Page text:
Kenneth Broad diving. Photo courtesy Wes Skiles

Scientific exploration connotes many things.  There is the history of Age of Exploration in which Europe “discovered” the rest of the world, motivated by trade and curiosity about “the other.” This narrative is tainted with histories of exploitation and subjugation.  Then there is the sense that scientists have yet to explore the extreme environments of the planet, the last frontiers of our world.  The remote sea, the deep underground, and the interface of the Earth’s surface and atmosphere may contain vital clues for solving current ecological puzzles.  But how do we encourage this latter sense of exploration without perpetuating the former?

Kenneth Broad, Ecological Anthropologist of the Abess Center for Ecosystem Science and Policy at the University of Miami, explores an aquatic cave. Photo courtesy Wes Skiles

The University of Miami’s Rosenstiel School of Marine & Atmospheric Science and the Abess Center for Ecosystem Science & Policy, in partnership with the National Geographic Society, are forming an Exploration Science Initiative that will attempt to redefine exploration for scientists and the public, paying special attention to the theoretical and ethical quandaries inherent in the idea of exploration.  One outcome of this initiative will be an Exploration Science program, which instructs participants in the applied practice and study of field-based research using a variety of methods, technologies and approaches to answer specific questions using scientific inquiry and expedition skills, within a context that recognizes the cultural and social implications of such work.   Participants, both certified scientists and interested lay people, would acquire of a blend of practical skills and theoretical considerations.

One premise of the program is that there is a need for more and better outreach, education, and information dissemination to accompany scientific research.  This need is increasingly recognized by grant funding agencies which ask that public outreach and education not only be part of funded projects but that it be sophisticated and effective.  Researchers who participate in the program will learn cutting edge tools and methods for the public presentation and dissemination of effective outreach for multidisciplinary work.  Participants will also help design new formats for outreach utilizing new media and experimental avenues for social engagement.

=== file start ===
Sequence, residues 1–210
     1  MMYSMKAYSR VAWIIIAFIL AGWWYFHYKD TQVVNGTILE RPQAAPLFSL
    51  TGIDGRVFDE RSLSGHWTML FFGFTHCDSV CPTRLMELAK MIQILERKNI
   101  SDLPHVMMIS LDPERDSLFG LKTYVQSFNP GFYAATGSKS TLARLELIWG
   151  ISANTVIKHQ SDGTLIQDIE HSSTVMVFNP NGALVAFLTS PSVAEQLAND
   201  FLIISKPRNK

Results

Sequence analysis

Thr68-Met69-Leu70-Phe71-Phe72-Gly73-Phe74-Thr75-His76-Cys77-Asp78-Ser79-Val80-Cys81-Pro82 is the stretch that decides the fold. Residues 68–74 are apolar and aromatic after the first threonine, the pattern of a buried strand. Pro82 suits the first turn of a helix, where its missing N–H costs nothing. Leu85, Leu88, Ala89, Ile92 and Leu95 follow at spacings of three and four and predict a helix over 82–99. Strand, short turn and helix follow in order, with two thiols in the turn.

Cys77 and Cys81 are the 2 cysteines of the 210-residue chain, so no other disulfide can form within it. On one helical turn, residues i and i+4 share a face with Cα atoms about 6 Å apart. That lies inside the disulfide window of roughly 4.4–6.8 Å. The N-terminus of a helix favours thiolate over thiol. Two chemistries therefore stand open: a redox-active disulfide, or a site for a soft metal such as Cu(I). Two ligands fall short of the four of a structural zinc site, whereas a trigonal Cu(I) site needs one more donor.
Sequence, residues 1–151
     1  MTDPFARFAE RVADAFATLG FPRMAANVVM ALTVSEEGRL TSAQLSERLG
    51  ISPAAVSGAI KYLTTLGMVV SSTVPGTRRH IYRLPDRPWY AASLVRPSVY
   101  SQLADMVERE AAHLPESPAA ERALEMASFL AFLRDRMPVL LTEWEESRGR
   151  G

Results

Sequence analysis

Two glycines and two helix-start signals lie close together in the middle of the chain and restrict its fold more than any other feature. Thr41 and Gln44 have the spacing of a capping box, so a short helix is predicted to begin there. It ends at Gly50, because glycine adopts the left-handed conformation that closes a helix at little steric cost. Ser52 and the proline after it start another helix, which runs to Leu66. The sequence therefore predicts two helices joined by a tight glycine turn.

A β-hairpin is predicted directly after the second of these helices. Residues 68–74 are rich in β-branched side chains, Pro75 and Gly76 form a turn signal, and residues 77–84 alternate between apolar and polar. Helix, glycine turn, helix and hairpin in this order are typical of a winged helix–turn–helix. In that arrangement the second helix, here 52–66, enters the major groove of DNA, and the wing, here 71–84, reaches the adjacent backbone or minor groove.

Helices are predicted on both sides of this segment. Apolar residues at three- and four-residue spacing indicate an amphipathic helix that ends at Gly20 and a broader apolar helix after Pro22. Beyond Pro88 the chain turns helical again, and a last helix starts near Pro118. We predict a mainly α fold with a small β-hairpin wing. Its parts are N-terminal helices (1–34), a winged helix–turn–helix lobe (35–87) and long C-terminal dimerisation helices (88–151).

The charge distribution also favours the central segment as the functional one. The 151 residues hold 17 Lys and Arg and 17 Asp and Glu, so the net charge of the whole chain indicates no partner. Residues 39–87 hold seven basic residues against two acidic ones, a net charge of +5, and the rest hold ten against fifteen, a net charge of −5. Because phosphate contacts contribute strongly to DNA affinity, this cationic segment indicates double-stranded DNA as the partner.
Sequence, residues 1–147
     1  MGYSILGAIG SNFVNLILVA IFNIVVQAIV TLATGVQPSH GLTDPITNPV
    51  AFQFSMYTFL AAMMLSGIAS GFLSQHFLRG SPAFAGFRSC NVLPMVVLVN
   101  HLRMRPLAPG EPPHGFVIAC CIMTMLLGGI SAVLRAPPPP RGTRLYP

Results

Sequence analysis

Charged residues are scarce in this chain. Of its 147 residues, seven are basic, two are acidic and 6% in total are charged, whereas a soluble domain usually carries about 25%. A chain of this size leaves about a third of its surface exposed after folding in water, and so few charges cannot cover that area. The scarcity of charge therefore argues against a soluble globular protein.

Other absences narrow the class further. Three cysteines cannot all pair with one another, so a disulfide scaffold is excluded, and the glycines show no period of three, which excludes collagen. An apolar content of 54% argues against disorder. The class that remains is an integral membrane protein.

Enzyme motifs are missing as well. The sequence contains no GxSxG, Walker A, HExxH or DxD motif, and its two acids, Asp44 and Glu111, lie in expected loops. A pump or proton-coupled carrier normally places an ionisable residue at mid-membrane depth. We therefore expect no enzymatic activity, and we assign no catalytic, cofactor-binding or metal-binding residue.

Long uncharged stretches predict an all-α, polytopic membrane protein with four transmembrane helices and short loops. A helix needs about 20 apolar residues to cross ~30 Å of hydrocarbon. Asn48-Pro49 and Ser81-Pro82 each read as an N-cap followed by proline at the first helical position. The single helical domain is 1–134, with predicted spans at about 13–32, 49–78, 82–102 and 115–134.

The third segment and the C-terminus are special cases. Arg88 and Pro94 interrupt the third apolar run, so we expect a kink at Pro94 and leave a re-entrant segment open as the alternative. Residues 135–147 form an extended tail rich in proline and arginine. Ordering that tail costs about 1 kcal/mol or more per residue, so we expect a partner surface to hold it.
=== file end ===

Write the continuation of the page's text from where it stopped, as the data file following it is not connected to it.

Another related premise is that as science grows more specialized, many projects will require hundreds of hours of hands-on research and this will mean the creation of more inclusive and collaborative research practices.  To that end, Exploration Science combines scientific research with opportunities that allow the general public to join University of Miami researchers for experiential and virtual expeditions.  Utilizing new technologies, scientists involve non-scientists in actual expeditions, training them to augment research efforts and drastically shorten research timelines.  The work the public can assist with will depend on the researchers and what they are doing.  Research opportunities might include: satellite tagging, aviation-based atmospheric and environmental sampling, underwater aquatic and geological surveys, gamefish tagging expeditions, coral reef restoration projects, sustainable aquaculture technology deployment, underwater archaeology, research vessel and submersible expeditions for oceanographic and biological sampling, high-altitude hurricane reconnaissance flights, and river and underwater bio-diversity-focused cave expeditions.

Accordingly, the Exploration Science Initiative hopes to incorporate a citizen science model into the program.  Innovations in mobile technology might allow non-scientists to collect data and participate in research in new ways.  The National Audubon Society’s famous Christmas Bird Count is an early example of this kind of effort.  This is a burgeoning (though not new) area of research practice that allows many more people to participate in science and exploration.  When utilized appropriately, citizen science practices can allow exploration research to cross social and cultural borders creating opportunities for radical inclusion.

Finally, the program hopes to collect qualitative and quantitative data concerning the effectiveness of citizen science methods and outreach projects.  Does this research focus engage people more actively and get them involved in finding solutions to today’s wicked problems?  Can this research encourage real collaboration and inclusion across a variety of social boundaries?  The Exploration Science Initiative wants to encourage everyone to help identify what we currently stand to lose in terms of the world’s life forms, processes, ideas and people.  Instead of filling in the supposedly “empty” map of the world, the Age of Exploration model, today’s explorers can try and prevent the reoccurrence of informational and social gaps.

To learn more about the Exploration Science Initiative, please contact Keene Haywood at keene@miami.edu.

Please send A&E news and reports to Amelia Moore at a.moore4@miami.edu.

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